View Article and Find Full Text PDF

Download full-text PDF

Source
http://journals.plos.org/plosone/article?id=10.1371/journal.pone.0183606PLOS
http://www.ncbi.nlm.nih.gov/pmc/articles/PMC5590820PMC
October 2017

Next-generation sequencing unravels homozygous mutation in glucose-6-phosphate isomerase, GPIc.1040G>A (p.Arg347His) causing hemolysis in an Indian infant.

Clin Chim Acta 2017 May 20;468:81-84. Epub 2017 Feb 20.

Department of Hematology, Post Graduate Institute of Medical Education and Research, Chandigarh 160012, India. Electronic address:

Introduction: Inherited anemias diagnostic workup requires a step-wise algorithm. Causal genes implicated in congenital hemolytic anemia are numerous, making a gene-by-gene approach by Sanger sequencing time consuming, expensive and labour intensive. Targeted resequencing can be of great use in explaining these cases.

Methodology: Six months female presented with neonatal jaundice and negative family history. Clinical and laboratory evidences were suggestive of hemolytic anemia. G6PD deficiency, thalassemias, hemoglobinopathies, autoimmune hemolytic anemia, hereditary spherocytosis and pyruvate kinase deficiency were excluded. Targeted resequencing on Illumina MiSeq using TruSight One sequencing panel was performed to identify the causative mutations.

Results: 35-40% of RBCs were acanthocytes and echinocytes. A missense homozygous mutation was found inglucose-6-phosphate isomerase, GPI [c.1040G>A (p.Arg347His), rs137853583] which results in nonspherocytic hemolytic anemia.

Conclusion: This study describes GPI p.Arg347His mutation for the first time from India and is the first report of red cell GPI deficiency diagnosed using NGS-based resequencing and highlights the potential of this technique in clinical practice.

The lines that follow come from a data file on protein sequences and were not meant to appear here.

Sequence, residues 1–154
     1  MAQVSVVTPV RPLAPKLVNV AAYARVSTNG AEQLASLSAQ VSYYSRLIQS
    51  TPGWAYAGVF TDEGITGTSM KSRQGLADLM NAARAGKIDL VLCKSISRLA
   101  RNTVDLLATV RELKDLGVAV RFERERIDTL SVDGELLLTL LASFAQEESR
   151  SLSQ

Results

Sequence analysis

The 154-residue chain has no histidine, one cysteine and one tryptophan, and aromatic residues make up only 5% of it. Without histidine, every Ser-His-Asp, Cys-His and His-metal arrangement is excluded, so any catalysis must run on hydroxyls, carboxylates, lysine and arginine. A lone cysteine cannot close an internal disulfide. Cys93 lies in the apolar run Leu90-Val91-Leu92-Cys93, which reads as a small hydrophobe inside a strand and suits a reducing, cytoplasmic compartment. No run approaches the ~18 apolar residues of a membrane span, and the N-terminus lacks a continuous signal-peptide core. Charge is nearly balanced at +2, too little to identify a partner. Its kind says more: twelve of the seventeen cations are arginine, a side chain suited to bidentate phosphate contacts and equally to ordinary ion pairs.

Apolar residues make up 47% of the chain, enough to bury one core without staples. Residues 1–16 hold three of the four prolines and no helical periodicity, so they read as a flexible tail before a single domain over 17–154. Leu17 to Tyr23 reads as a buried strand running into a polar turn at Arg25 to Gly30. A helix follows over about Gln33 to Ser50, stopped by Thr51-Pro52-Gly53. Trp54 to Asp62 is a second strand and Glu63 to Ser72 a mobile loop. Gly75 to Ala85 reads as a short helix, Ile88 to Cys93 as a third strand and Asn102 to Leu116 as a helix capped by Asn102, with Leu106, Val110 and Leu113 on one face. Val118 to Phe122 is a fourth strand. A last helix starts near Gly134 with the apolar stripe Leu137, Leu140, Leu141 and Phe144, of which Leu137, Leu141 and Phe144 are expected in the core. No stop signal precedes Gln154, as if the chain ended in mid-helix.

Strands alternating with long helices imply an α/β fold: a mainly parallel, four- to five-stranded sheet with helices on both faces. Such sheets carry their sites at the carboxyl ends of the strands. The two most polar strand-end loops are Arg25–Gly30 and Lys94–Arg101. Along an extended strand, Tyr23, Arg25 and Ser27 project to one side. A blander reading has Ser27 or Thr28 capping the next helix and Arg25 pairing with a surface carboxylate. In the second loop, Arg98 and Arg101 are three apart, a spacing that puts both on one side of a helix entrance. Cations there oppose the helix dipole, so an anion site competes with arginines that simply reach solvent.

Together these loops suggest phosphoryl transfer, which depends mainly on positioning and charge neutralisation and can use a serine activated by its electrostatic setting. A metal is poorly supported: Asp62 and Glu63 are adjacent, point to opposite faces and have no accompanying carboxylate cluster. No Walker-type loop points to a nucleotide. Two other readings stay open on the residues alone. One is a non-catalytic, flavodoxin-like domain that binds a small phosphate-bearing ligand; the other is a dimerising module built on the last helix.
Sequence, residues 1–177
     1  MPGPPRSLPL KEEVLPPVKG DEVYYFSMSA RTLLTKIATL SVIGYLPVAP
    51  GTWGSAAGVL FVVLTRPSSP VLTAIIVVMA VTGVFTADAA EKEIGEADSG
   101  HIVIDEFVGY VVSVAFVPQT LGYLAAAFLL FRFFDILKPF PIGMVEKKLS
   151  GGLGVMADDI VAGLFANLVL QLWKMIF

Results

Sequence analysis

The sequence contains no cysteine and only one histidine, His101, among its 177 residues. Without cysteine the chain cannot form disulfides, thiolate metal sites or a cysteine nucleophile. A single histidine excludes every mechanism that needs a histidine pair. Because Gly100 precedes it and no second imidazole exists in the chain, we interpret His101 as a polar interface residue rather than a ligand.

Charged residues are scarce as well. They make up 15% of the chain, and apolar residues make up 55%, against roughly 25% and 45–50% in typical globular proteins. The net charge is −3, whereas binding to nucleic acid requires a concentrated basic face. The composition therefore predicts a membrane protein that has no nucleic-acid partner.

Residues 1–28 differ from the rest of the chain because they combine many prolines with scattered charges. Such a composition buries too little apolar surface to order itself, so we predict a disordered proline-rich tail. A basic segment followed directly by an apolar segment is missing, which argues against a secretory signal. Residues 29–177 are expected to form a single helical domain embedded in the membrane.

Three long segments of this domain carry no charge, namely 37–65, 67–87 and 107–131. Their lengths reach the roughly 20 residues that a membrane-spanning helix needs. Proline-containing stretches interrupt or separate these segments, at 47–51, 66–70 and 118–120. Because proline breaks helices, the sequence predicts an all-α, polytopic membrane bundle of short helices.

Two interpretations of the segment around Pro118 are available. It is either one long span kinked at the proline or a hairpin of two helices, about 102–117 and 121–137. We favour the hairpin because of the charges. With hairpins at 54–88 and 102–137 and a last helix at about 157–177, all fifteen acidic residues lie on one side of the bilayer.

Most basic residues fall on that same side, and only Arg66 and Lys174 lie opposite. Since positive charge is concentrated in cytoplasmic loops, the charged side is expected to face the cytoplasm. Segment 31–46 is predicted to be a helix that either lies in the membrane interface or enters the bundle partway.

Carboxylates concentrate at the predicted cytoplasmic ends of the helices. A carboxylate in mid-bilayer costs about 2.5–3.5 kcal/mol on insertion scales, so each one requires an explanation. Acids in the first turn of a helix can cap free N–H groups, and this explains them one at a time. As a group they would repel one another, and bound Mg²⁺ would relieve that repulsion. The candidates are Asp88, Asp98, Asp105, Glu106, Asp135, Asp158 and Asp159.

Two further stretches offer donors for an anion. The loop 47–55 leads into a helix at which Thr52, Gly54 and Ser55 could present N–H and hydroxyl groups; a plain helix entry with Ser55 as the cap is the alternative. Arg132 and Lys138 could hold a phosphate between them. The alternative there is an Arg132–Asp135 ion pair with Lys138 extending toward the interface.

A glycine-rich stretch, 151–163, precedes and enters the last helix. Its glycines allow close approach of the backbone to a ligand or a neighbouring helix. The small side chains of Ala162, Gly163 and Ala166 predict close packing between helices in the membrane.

View Article and Find Full Text PDF

Download full-text PDF

Source
http://dx.doi.org/10.1016/j.cca.2017.02.012DOI Listing
May 2017

Sebum and Hydration Levels in Specific Regions of Human Face Significantly Predict the Nature and Diversity of Facial Skin Microbiome.

Sci Rep 2016 10 27;6:36062. Epub 2016 Oct 27.

National Institute of Biomedical Genomics, Kalyani, West Bengal, India.

The skin microbiome varies across individuals. The causes of these variations are inadequately understood. We tested the hypothesis that inter-individual variation in facial skin microbiome can be significantly explained by variation in sebum and hydration levels in specific facial regions of humans. We measured sebum and hydration from forehead and cheek regions of healthy female volunteers (n = 30). Metagenomic DNA from skin swabs were sequenced for V3-V5 regions of 16S rRNA gene. Altogether, 34 phyla were identified; predominantly Actinobacteria (66.3%), Firmicutes (17.7%), Proteobacteria (13.1%) and Bacteroidetes (1.4%). About 1000 genera were identified; predominantly Propionibacterium (58.6%), Staphylococcus (8.6%), Streptococcus (4.0%), Corynebacterium (3.6%) and Paracoccus (3.3%). A subset (n = 24) of individuals were sampled two months later. Stepwise multiple regression analysis showed that cheek sebum level was the most significant predictor of microbiome composition and diversity followed by forehead hydration level; forehead sebum and cheek hydration levels were not. With increase in cheek sebum, the prevalence of Actinobacteria (p = 0.001)/Propionibacterium (p = 0.002) increased, whereas microbiome diversity decreased (Shannon Index, p = 0.032); this was opposite for other phyla/genera. These trends were reversed for forehead hydration levels. Therefore, the nature and diversity of facial skin microbiome is jointly determined by site-specific lipid and water levels in the stratum corneum.